The 2006 succession from Fidel Castro to his brother Raúl, programmed since the early days of the Cuban revolution, was efficient, effective, and seamless. The eighty-two-year-old Raúl, who recently announced that he will step down in 2018, is now orchestrating his own succession behind the scenes. But however the transition from the Castro era plays out, one outcome is off the table: that Raúl will emerge as a reformer to end the Communist era and inaugurate a new democratic and market-oriented Cuba.
How Cuban communism will finally meet its demise is yet to be known, but perhaps we will find parallels in the collapse of the Soviet Union. Leonid Brezhnev died in 1982 at age eighty. His successor, Yuri Andropov, took over at sixty-eight and died less than two years later. Andropov was in turn succeeded by the Konstantin Chernenko, who died a year later at the age of seventy-four. Chernenko was then succeeded by the fifty-four-year-old Mikhail Gorbachev. It took the Soviets three leadership changes to get to a new generation with prospects for reform.
Cuba’s first vice president of the Council of State, the eighty-two-year-old José Ramón Machado Ventura, was expected to be Raúl Castro’s pro forma successor. In February 2013, however, he was replaced in that post by Miguel Díaz-Canel, a factotum-like party apparatchik in his early fifties. The international media jumped on the appointment and concluded that Cuba’s Gorbachev had arrived on the scene. But while Díaz-Canel is in line to succeed Raúl in the Council of State, this is not equivalent to being number two in the regime.
General Raúl Castro leads Cuba not because he is president of the Council of State, but because he is first secretary of the Communist Party, head of the armed forces, and Fidel’s brother. Article 5 of the Cuban Constitution makes it clear that the Communist Party is “the superior leading force of the society and the State.” It is the eighty-two-year-old Machado who remains second secretary of the fifteen-member Politburo of the Communist Party—and thus, at least for now, Raúl Castro’s heir apparent. Under Cuba’s governing succession protocol, the military-dominated Politburo is the cabal that will recommend, when the time comes, the country’s next leader.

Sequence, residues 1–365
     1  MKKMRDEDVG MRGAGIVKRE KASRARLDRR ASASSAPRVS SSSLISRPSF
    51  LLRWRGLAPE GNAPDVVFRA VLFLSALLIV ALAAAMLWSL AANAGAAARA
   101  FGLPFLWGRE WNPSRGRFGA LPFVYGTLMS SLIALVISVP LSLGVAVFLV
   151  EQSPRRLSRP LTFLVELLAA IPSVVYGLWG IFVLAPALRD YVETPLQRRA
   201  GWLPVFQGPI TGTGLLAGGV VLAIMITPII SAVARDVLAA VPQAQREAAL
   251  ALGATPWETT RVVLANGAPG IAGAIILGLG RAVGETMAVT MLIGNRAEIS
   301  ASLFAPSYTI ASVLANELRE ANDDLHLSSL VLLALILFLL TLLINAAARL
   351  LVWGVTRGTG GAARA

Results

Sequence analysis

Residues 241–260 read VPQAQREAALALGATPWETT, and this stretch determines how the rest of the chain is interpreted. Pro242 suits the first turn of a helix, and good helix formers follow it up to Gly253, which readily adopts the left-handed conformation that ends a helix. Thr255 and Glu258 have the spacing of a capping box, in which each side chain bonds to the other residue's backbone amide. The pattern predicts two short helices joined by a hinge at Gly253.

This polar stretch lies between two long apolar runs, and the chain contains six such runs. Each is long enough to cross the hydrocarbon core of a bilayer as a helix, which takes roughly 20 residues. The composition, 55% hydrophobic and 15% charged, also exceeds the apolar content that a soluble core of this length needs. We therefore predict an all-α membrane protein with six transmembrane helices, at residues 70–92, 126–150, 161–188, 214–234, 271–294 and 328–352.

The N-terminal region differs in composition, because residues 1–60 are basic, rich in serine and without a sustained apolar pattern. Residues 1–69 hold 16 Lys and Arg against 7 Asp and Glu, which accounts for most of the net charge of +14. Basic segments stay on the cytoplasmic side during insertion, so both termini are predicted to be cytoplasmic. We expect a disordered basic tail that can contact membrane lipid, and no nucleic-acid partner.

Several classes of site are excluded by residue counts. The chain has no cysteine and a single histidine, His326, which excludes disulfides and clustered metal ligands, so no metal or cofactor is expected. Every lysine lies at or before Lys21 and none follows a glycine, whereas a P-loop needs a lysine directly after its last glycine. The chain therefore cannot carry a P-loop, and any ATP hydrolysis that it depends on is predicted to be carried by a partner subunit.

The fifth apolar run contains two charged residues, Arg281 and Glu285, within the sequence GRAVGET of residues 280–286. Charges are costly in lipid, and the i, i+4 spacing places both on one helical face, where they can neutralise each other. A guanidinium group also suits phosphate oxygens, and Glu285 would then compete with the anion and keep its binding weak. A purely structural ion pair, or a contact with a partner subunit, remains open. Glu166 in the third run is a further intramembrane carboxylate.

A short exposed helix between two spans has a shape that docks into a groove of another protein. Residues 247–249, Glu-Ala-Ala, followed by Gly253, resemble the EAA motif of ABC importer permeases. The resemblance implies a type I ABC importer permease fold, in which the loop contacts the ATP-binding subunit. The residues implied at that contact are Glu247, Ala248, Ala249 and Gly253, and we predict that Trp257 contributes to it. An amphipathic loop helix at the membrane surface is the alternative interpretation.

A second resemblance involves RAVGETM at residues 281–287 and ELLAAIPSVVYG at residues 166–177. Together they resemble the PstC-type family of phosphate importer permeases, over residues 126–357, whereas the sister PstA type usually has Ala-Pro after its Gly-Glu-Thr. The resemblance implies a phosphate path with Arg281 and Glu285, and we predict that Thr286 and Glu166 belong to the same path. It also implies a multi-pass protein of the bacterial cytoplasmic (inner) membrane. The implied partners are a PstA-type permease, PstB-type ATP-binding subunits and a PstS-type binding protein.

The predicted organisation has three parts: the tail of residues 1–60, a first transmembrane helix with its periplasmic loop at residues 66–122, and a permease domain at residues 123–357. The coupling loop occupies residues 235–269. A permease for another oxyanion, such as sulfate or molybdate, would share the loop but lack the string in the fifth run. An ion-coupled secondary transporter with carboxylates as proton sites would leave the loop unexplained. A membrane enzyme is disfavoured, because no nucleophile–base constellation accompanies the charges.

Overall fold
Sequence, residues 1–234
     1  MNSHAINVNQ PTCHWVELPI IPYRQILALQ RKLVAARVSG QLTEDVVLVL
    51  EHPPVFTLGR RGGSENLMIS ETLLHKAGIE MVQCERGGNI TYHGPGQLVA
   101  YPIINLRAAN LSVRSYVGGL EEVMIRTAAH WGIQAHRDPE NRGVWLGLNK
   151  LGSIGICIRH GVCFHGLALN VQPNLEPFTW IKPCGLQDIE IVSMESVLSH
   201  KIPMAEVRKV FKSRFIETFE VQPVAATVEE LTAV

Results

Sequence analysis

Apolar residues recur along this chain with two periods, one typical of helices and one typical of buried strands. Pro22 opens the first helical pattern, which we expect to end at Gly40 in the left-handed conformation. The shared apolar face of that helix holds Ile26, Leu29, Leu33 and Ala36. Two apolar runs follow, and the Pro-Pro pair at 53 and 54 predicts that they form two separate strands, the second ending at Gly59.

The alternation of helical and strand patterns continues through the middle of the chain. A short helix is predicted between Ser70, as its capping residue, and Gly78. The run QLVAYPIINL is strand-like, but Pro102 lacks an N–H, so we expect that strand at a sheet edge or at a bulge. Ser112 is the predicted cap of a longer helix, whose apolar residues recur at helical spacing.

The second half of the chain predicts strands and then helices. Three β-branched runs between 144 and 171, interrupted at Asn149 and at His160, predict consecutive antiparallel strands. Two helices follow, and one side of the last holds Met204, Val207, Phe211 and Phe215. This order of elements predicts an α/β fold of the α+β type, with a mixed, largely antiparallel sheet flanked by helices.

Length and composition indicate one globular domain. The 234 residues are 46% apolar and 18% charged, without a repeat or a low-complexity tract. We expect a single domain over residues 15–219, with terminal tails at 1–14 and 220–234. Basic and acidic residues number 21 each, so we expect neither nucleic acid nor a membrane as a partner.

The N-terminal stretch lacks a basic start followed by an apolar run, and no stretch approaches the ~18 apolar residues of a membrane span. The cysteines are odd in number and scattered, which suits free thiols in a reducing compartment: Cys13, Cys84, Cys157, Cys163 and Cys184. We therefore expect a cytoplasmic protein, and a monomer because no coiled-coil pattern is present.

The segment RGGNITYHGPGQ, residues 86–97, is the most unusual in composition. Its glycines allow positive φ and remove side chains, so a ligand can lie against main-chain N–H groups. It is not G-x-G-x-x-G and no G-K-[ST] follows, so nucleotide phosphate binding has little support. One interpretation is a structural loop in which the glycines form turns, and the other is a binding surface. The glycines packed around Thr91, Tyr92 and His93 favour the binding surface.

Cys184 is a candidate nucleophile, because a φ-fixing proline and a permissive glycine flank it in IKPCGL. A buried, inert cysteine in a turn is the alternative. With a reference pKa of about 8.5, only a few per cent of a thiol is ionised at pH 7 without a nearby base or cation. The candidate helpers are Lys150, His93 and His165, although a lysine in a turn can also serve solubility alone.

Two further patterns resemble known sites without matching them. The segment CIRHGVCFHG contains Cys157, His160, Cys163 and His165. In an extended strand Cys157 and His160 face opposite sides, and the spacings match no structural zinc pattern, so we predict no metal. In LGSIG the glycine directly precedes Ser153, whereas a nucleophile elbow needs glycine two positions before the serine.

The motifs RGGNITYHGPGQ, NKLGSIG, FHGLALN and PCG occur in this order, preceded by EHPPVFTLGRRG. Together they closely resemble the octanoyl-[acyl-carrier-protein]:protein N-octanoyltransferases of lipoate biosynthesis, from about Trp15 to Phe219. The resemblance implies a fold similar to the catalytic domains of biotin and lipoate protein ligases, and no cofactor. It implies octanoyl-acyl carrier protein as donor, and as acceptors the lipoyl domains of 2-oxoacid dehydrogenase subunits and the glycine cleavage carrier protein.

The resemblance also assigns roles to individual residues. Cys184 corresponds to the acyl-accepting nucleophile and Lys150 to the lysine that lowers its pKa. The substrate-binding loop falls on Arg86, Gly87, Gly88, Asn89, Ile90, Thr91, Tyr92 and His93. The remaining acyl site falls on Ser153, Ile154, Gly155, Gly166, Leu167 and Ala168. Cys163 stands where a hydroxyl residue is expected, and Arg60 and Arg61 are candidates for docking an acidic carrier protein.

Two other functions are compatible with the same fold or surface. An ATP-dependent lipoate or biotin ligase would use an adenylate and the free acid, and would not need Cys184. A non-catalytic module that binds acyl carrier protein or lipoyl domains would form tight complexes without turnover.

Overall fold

The succession plot thickens when we consider that the president of the Council of State is also the commander in chief of the Revolutionary Armed Forces. When Raúl Castro leaves office, it is difficult to envision old comandantes like Ramiro Valdés and three-star generals of the Politburo offering their allegiance and subordinating themselves to a youthful civilian bureaucrat like Díaz-Canel. Civilian control of Cuba’s armed forces is not part of Revolutionary Cuba’s genetic makeup.
When contemplating change in Cuba, one must be mindful that for the past half-century Cuba’s history and political culture has been shaped and dominated by the Castro brothers and their ideas. Raúl Castro’s inner circle is not made up of closet democrats waiting for an opportune moment to put into practice their long-suppressed Jeffersonian ideals. Their governing philosophy is inseparable from the totalitarian ideology that subordinates citizens to the state, and the state to an unelected Communist elite. The incentive for democratic reform is further hindered because this elite profits personally from a symbiotic relationship in which authoritarianism engenders a corrupt oligarchy and that oligarchy profits from the continuation of corrupt authoritarianism.
The extraordinary degree to which Communist Cuba has failed to provide for the citizens’ economic well-being is well documented by an avalanche of statistics and data that have defined the country’s stagnation and regression since the 1959 revolution. A most disturbing illustration of this economic condition is Cubans’ purchasing power compared to that of other countries. A study by the University of Miami’s Institute for Cuban and Cuban-American Studies shows, for example, that to purchase fourteen ounces of powdered milk, the average Cuban worker has to work 57.5 hours. To make the same purchase, the average worker in Costa Rica has to work only 1.7 hours. Comparable disparities hold for the other items analyzed in the study’s consumer basket.
A centerpiece of the reform program announced by Raúl Castro in 2010 is the government’s decision to fire up to 1.3 million workers—something on the order of twenty percent of the country’s workforce—from state jobs and then “allow” them to become self-employed “outside the government sector.” In the Cuban version of Orwellian doublespeak, this particular reform is called an “actualization of socialism,” and the term “private sector” is not to be uttered.